How terrible is it to be born a girl in the world today? The almost daily headlines about another cruel act of violence and discrimination against women -- from the kidnapping of nearly 300 school girls in Nigeria last month, to the latest gruesome stoning of a woman in Pakistan -- provide plenty of reasons to be pessimistic about women's equality and safety in today's world.
The recent case of "misogynist extremism" in California, where a young man killed six people in "retribution" for all the girls who had rejected him, underscores the fact that all societies suffer from violence against women.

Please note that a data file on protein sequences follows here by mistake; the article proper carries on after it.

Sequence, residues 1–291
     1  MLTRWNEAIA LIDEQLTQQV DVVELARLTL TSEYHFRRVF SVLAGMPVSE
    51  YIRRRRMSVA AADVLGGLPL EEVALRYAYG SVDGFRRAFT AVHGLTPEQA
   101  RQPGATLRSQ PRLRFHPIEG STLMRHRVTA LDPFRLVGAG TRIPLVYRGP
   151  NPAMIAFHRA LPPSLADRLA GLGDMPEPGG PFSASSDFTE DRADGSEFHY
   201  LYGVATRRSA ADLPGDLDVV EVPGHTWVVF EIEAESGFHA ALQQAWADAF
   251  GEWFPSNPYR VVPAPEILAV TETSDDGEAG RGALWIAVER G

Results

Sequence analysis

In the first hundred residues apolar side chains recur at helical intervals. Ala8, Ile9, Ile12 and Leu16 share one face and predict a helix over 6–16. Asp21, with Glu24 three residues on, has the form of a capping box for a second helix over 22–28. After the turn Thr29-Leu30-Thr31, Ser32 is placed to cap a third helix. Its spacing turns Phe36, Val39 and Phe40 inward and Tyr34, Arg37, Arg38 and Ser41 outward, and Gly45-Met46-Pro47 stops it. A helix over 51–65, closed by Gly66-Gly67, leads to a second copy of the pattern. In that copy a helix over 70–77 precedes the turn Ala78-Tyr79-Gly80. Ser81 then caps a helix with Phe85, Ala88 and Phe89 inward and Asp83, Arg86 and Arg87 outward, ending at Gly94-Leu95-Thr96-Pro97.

Indeed, the World Health Organization estimates that 35% of women worldwide experience intimate-partner violence or non-partner sexual violence in their lifetime. A new World Bank report estimates that in some countries, the economic toll of violence against women exceeds a staggering 3% of GDP.
Also shocking in the 21st century is that the leading cause of death worldwide for girls ages 15 to 19 is complication related to pregnancy and childbirth, in many cases because girls are married and bearing children before their young bodies are ready. High rates of child marriage in some countries also limit the educational opportunities and economic independence of girls. Add in a persistent preference for sons in South, East and Central Asia that has resulted in millions of "missing girls," and the picture for girls today seems pretty grim.